03 May 2009

What Leadership and Management Really Are

Everyone has their own way of defining leadership. Here's mine.

I think that leadership, as a concept, should be compared to management. Management is performed whenever someone deals with complexity and leadership is performed whenever someone deals with change. They can be performed at the same time, and usually are in some proportion, but this distinction makes them easier to think about. They are not concepts which can be separated; they are two sides of the same coin.

Okay, so technically coins have three sides. I'm not changing the metaphor.

If we think of actions like they were all mixed up together and baked into a brownie, then we will have a very strange mental image. However, we will also have a useful image. The center, the majority, of the brownie is the same soft consistency. This majority would represent how most of the things we do are only in response to complexity. The edges of the brownie, which are harder and chewier, are the minority of actions which are in response to change. It's not such a metaphorical leap to imagine the inside of a brownie as all being the same and the edge of a brownie being the part that has to "deal" with the change from brownie to non-brownie, which is why it's a little bit different from the rest of the brownie raw materiel.

Pictured: The weirdest metaphor you've seen today.

The proportion of soft brownie to chewy brownie varies from situation to situation. Some jobs are characterized as "Leadership" jobs because one tends to either seek out or be confronted with more change than usual. This idea could be represented like so:

Pictured: The most delicious leadership lesson ever.

The reason this metaphor is useful is that it illustrates a principle of the relationship between management and leadership. They really cannot be found in isolation from each other. You can't bake a brownie that has no edges and you can't bake an edge that has no brownie. Additionally, the center and the edge of a brownie are made of the same stuff (actions in case the metaphor is still too vague). We tend to label a job as either management or leadership because of the relative proportion of edge to area. So, a marble would be an example of a "management" job because it maximizes management decisions and minimizes leadership decisions.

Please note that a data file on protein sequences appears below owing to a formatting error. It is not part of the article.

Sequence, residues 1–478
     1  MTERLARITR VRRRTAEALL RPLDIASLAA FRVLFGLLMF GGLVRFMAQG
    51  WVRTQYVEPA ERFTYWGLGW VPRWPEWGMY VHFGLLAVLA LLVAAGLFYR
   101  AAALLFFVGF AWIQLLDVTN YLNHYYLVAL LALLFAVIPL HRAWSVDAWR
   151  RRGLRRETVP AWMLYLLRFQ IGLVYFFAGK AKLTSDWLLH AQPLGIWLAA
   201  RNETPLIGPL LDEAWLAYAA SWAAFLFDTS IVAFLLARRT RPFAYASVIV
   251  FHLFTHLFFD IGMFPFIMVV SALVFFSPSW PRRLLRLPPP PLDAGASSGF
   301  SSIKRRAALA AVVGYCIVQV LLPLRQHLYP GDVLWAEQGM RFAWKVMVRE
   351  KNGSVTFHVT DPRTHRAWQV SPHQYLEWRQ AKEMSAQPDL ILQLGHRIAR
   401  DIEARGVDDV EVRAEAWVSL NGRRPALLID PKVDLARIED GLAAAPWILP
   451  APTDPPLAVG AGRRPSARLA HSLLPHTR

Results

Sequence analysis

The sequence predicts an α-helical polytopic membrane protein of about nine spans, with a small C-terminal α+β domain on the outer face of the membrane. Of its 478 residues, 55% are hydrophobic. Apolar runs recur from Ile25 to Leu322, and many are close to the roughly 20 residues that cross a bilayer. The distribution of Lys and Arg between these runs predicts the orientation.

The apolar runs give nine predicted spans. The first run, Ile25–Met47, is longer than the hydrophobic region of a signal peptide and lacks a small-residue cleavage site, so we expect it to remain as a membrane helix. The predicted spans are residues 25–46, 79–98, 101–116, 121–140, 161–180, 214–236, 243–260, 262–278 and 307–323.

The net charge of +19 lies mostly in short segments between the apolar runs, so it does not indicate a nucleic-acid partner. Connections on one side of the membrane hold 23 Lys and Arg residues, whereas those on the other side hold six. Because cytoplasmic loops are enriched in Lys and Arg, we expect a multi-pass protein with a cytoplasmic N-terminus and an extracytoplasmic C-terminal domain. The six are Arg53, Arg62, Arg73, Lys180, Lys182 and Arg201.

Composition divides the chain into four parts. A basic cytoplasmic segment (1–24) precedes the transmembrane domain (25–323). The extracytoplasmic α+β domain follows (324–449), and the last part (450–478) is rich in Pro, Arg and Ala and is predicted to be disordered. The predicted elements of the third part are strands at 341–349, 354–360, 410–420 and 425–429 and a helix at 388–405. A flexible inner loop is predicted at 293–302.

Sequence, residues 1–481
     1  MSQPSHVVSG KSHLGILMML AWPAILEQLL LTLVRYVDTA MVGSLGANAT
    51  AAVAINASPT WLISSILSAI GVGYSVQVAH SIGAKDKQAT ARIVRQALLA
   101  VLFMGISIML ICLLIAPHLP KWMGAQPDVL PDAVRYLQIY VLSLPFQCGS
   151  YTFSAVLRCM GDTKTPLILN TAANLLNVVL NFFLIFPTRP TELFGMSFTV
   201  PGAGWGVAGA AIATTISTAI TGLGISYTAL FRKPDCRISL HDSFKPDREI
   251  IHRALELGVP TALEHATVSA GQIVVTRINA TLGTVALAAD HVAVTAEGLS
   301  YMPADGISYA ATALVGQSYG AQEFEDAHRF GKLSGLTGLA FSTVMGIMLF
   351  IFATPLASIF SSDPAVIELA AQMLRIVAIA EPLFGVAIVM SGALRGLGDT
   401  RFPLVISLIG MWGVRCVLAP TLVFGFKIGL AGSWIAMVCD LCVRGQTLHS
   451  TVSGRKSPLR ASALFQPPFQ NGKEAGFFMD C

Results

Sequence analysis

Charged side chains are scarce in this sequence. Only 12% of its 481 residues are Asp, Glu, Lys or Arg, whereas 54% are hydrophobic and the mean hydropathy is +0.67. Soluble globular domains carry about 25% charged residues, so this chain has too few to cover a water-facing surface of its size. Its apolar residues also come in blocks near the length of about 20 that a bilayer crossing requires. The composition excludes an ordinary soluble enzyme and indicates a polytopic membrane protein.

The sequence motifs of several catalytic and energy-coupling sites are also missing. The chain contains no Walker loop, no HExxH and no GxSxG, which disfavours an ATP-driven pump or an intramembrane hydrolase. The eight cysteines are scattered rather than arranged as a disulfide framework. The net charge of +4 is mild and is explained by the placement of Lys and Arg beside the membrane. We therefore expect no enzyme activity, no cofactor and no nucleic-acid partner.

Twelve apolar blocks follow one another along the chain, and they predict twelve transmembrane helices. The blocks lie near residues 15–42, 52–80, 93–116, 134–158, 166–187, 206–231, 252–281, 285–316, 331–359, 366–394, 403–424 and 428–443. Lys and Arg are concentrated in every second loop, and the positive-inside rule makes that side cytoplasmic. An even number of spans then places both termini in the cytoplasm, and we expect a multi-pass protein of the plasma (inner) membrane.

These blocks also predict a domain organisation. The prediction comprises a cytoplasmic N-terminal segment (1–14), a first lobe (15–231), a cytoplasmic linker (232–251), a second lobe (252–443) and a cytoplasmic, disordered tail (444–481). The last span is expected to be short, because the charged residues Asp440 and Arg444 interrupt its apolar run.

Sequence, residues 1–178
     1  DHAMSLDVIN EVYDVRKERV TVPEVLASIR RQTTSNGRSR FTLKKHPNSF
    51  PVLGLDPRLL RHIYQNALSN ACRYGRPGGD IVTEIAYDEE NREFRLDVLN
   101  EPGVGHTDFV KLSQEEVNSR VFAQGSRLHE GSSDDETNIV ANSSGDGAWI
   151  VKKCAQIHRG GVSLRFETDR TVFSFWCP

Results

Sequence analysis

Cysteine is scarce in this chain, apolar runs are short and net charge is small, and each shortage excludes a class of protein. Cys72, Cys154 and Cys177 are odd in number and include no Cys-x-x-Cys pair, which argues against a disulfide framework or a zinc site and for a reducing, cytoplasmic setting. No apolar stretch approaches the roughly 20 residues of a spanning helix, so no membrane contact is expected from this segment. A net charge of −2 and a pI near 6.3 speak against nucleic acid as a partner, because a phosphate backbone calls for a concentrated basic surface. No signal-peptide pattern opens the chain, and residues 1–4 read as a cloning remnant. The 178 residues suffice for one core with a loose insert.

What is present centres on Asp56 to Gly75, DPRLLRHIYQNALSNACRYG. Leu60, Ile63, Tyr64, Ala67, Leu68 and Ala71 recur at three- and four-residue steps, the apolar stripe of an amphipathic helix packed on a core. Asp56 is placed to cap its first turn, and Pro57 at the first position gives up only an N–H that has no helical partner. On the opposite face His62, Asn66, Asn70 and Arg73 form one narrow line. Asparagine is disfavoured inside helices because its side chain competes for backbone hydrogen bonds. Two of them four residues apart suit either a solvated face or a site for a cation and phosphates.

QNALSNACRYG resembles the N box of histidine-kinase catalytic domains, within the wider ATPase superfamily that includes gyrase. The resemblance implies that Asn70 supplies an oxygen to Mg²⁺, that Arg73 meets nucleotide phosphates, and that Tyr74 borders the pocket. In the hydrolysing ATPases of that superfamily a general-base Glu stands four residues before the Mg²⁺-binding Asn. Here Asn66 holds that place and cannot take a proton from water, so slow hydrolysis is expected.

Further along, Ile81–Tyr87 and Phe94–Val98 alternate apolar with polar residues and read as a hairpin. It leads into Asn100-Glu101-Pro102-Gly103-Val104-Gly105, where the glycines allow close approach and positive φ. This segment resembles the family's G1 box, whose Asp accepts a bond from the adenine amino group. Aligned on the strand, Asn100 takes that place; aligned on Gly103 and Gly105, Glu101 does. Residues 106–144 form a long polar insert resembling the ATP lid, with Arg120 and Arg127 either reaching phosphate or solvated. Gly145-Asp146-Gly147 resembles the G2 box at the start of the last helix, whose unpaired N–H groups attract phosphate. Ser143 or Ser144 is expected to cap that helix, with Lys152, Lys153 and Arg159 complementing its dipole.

As little surface area as possible.

This could be compared to a radiator which maximizes surface area vs volume, just like a "leadership" job would maximize leadership decisions and minimize management decisions.

As much surface area as possible.

So, when people try to describe leadership as fundamentally different from anything else they are forgetting that leadership is just the edge of the brownie that ran interference between the brownie and the outside world. It is still the same stuff, it has only acquired a different consistency due to its being exposed to change. Management and leadership always exist together, but the proportion sometimes changes.

Management, then, is when someone is dealing with something that is well understood. We like to keep things the same for as long as possible because we need to be able to rely on something. That means that after a while the thing that has always been the same is so well understood that every problem has a documented solution. A person only needs access to this accumulated knowledge and they can maintain the status quo indefinitely. Leadership, however, is when someone is on the leading edge dealing with change. To maintain an area in which things do not change, someone has to be out on the edge figuring out how to deal with the inevitable new problems.

There is no documentation which allows someone to deal with a new situation because nothing can be documented until it has first been dealt with. So, leaders have to basically guess the future, which is why leadership is so hard to understand. People keep trying to approach leadership the same way they approach management, as a complexity problem instead of a change problem. Another way to think about it is that there is a fundamental difference between dealing with something you can see and something you can't.

Complicated, but at least you know what you're dealing with.

That could be anything. We should form a committee to discuss it.

The latter picture, of the shadow, is what leaders are expected to focus their attention on. They are supposed to learn how to interpret things with no context and no support. Is it any wonder people are so confused about what they're supposed to do? On the one hand leaders are supposed to inspire confidence. On the other hand their job is basically voodoo, and their success is largely dependent on luck, which does not inspire confidence.

This brings me to a key point, which is what leadership is not. Leadership is not management. A manager who delicately applies some creativity to deal with some workplace drama exercised leadership. A leader who carefully practiced his speech and incited the masses to follow him exercised management. The methods for inspiring people to do things is relatively well documented and is becoming more so every day. Therefore, inspiring people should be characterized by the preponderance of management inherent in the action. Leadership, on the other hand, is dealing with a situation without any supporting information. It is inherently impossible to define HOW to 'do' leadership, then, because every situation is different.

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